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MANILA, Philippines – At Rappler's ThinkPH: Back to Disruptive Basics, which was held at Resorts World Manila last July 21, a pool of digital experts from local and international organizations imparted valuable, eye-opening insights on technology and made predictions on how it can impact our lives in the next few years. (READ: #ThinkPH 2016: The future is here, now)
We are now well into the age of tech disruption, and instead of being swept away, we should be able to harness these advancements to our advantage. This is a lesson that not only resounded clearly to #ThinkPH participants, but also inspired them to help contribute to the development of their communities.
Photo by Martin San Diego/Rappler
Keeping up with technology
Mica Gonzales, a student from the University of the Philippines, believes that "integrating oneself" with technology instead of merely adapting to it is vital. As a member of the UP Psychology Society, Gonzales actively advocates for mental health and personal well-being, and makes use of social media as a way to shed more light into it and reach as may people as possible.
“As an organization, we sometimes function as a bridge for people who need help. We refer them to proper offices and things like that,” she told Rappler. “Working hand in hand with technology, I think the biggest plus here is the reach that we get as opposed to a more individual, person-to-person contact.”
Manuel Luis Martinez Ochotorena, Regional Director of the Office of Civil Defense (CARAGA Region), now sees the importance of social media in his line of work and wishes to mobilize more efforts through this platform.
“I think we have to do some catching up in terms of how we deliver our messages to the community… I’m thinking of enjoining the people, the community, to be able to come up with bayanihan [on social media] so that we can grow together and inform the people [on] the prevention and mitigation of disasters, and preparedness for [it],” he said.
Meanwhile, what struck Jeoffrey Tan, an IT Manager from P&G, most is the exponential growth of organizations and the need to change and adapt, especially now when the average lifespan of businesses has dramatically reduced to around 5 years. (READ: #ThinkPH: Man must learn to dance with machines – Van Geest)
Tan said: “What you learned two years ago is no longer relevant, so you need to keep yourself updated. I think that’s important and, putting it in the Philippine context since we’re still a developing nation, I think it’s not as fast but we need to prepare so that when the boom in economy using these emerging technology happens, we can ride the wave and we’re on top.”
On the personal side, though, Tan said he’s focusing on daily life to identify tasks that remain complicated, and how he can improve that. Right now, he’s zeroing in on local tourism, which he described as “good” yet losing out compared to our Southeast Asian neighbors, specifically Thailand.
“Why is that? How do we actually improve travel booking, the experience, so that people will be coming over? That’s still a challenge that I’m still thinking of, and hopefully we can come up with a solution for that,” he said.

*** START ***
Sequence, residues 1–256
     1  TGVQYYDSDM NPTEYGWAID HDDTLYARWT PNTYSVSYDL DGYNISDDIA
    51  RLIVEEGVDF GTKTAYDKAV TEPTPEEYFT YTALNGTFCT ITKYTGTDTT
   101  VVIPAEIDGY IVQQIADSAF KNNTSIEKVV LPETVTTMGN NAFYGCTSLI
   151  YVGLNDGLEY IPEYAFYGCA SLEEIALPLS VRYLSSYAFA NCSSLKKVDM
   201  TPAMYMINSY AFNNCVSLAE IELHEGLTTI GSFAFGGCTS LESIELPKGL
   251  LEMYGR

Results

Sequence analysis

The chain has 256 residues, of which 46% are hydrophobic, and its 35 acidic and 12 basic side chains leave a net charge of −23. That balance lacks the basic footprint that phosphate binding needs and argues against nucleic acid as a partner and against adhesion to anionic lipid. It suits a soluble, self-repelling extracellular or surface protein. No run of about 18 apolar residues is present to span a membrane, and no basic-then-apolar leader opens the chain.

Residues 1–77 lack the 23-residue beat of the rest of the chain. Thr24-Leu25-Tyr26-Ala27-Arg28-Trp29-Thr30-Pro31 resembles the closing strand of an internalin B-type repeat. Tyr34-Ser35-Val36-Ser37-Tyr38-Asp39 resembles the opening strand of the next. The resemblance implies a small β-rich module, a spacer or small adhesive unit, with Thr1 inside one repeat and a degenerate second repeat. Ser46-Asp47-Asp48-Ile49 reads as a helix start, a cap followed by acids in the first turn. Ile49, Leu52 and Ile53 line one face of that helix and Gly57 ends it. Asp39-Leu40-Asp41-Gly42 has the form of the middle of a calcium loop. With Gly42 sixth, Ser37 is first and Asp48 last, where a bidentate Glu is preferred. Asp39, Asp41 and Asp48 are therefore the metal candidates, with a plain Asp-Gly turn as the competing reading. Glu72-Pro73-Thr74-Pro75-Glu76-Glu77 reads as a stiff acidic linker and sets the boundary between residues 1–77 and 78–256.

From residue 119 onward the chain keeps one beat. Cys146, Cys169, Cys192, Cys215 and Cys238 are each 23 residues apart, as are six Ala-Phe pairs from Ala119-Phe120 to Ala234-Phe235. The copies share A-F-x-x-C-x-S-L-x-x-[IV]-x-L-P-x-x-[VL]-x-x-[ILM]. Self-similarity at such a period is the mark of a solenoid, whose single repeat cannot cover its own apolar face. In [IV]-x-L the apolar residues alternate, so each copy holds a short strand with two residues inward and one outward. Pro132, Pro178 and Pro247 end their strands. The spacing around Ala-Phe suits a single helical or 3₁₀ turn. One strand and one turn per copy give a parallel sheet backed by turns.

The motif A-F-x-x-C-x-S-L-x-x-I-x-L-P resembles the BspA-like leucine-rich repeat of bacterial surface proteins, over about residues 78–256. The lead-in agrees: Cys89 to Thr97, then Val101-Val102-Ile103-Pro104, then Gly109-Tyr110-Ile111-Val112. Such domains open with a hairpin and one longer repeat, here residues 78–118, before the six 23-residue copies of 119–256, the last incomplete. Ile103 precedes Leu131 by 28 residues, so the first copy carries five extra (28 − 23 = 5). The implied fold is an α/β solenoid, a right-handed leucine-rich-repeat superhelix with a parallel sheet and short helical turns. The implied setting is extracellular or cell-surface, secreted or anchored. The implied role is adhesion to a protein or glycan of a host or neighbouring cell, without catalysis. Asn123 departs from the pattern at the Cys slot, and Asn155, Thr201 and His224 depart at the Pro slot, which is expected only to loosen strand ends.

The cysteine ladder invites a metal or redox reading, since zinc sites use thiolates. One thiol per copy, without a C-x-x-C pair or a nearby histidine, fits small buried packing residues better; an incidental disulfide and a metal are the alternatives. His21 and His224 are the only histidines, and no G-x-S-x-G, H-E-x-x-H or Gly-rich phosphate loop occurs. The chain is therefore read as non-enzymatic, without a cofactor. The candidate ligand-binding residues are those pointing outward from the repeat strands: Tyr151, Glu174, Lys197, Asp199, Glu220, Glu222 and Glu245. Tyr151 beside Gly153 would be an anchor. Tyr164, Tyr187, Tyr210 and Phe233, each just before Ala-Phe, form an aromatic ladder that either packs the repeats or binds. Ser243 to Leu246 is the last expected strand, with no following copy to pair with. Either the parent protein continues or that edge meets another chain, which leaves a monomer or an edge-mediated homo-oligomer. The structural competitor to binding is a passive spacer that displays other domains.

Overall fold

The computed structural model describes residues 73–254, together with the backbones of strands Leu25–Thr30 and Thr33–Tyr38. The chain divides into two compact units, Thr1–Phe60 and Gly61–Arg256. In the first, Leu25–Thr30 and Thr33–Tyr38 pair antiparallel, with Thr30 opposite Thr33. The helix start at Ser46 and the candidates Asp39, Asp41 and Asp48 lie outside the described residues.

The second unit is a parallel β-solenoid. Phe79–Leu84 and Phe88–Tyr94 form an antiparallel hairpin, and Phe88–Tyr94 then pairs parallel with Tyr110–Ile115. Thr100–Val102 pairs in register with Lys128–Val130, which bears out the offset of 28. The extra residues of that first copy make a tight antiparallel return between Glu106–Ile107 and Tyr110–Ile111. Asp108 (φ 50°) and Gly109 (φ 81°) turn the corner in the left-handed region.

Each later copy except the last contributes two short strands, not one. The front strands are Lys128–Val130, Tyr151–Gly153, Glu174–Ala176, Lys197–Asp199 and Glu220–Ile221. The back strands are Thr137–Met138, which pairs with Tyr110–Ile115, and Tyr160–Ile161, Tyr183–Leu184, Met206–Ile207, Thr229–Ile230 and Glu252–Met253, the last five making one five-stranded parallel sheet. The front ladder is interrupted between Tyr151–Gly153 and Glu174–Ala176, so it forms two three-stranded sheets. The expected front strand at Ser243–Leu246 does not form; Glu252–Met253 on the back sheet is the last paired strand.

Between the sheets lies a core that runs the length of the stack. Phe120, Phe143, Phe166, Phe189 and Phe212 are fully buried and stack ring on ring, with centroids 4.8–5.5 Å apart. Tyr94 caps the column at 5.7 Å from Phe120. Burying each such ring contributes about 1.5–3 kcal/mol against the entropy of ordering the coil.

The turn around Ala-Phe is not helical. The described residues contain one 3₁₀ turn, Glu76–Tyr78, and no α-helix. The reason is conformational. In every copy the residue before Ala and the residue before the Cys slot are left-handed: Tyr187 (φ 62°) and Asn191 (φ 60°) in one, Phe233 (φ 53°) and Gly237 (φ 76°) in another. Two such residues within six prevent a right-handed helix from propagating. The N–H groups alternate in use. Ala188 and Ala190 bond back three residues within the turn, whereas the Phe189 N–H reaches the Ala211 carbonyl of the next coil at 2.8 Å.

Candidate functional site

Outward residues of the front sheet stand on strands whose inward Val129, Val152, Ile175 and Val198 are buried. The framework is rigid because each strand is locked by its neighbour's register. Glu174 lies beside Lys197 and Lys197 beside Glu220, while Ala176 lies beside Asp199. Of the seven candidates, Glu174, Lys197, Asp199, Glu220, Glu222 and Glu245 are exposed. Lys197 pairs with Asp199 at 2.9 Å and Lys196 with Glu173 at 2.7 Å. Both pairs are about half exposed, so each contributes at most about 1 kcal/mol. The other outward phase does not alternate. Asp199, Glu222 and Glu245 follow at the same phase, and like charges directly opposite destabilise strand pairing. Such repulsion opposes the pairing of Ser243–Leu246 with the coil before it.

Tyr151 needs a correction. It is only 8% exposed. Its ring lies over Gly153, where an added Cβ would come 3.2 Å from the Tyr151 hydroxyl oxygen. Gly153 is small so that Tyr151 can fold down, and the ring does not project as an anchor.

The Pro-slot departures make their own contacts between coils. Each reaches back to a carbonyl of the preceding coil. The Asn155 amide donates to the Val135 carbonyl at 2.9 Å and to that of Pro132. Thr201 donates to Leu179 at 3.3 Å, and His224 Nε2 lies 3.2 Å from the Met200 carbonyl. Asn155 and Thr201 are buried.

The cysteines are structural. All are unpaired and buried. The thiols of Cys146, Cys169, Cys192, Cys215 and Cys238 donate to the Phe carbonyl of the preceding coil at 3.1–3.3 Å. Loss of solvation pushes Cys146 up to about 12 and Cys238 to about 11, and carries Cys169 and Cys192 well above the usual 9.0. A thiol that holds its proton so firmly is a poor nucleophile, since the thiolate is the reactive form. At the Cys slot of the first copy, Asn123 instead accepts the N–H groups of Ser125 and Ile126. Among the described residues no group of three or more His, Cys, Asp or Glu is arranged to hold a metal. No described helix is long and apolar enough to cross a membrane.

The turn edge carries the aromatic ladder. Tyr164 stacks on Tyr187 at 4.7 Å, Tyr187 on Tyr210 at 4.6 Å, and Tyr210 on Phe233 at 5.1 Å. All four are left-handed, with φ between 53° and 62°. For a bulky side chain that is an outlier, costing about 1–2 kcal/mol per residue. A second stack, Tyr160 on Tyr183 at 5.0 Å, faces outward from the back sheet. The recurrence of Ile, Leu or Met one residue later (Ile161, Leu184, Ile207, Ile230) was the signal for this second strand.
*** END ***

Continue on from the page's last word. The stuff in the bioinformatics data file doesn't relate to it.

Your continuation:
Photo by Martin San Diego/Rappler
Going back to basics through collaboration
Conversely, for others, helping their community improve is as simple as engaging more people to participate.
“The most important lesson that I learned was that in today’s society, it is important to collaborate,” Angelo Santiago, a student also from the University of the Philippines, shared. “Earlier, they said, 'don't just take and take.' So you better give and give… for innovation to flourish.”
For Albert Caraan, a BS Agricultural Student also from the University of the Philippines, contributing to the community means actively participating in his school org, the UP Genetic Researchers and Agricultural Innovators Society. “I believe I should work together with my organization [so we will become] one organization moving towards a common goal and towards creating change and disruption,” he said.
Work together, #WinTogether
These insights echo not just learnings from ThinkPH, but also OLX’s own ideology which champions collaboration and community-building with the end goal of winning together.
"The buying and selling lifestyle, coupled with technology, has created a collaborative economy where people share and exchange goods and resources as they create connections and build relationships with one another," said Giancarlo Bonsel, General Manager of OLX Philippines. "We hope that our platform continues to be part of motivating more people to create communities engaging in winning exchanges."
During ThinkPH, OLX set up a booth where participants can pin their ideas on how they can pitch in to the improvement of their community.
“Respect right of way as a driver,” one wrote, while another said, “I’ll just commute and use public transpo if possible rather than bring a car.” Other answers included, “I will be a hardworking student for me not to be a burden to my family,” and “Not posting online posts that might ruin the country’s image.”
Meanwhile, others promised to make use of their profession to help.
“I promise to know more about biotech and strive to deliver the knowledge to people for them to be at least be open to the potential of the technology,” one wrote. “By delivering newsworthy articles that are written objectively,” another shared.
“As a military officer, it is my duty to perform my job with utmost dedication. It is our duty to be of service to the people in the community that we are in,” one also said.
Of course, all these would not be possible if we fail to help one important person at the onset—ourselves.
“I promise to empower myself so I can empower other people,” one wrote. “I believe that through continuously striving to be better, we can contribute to the community’s greater good.” – Rappler.com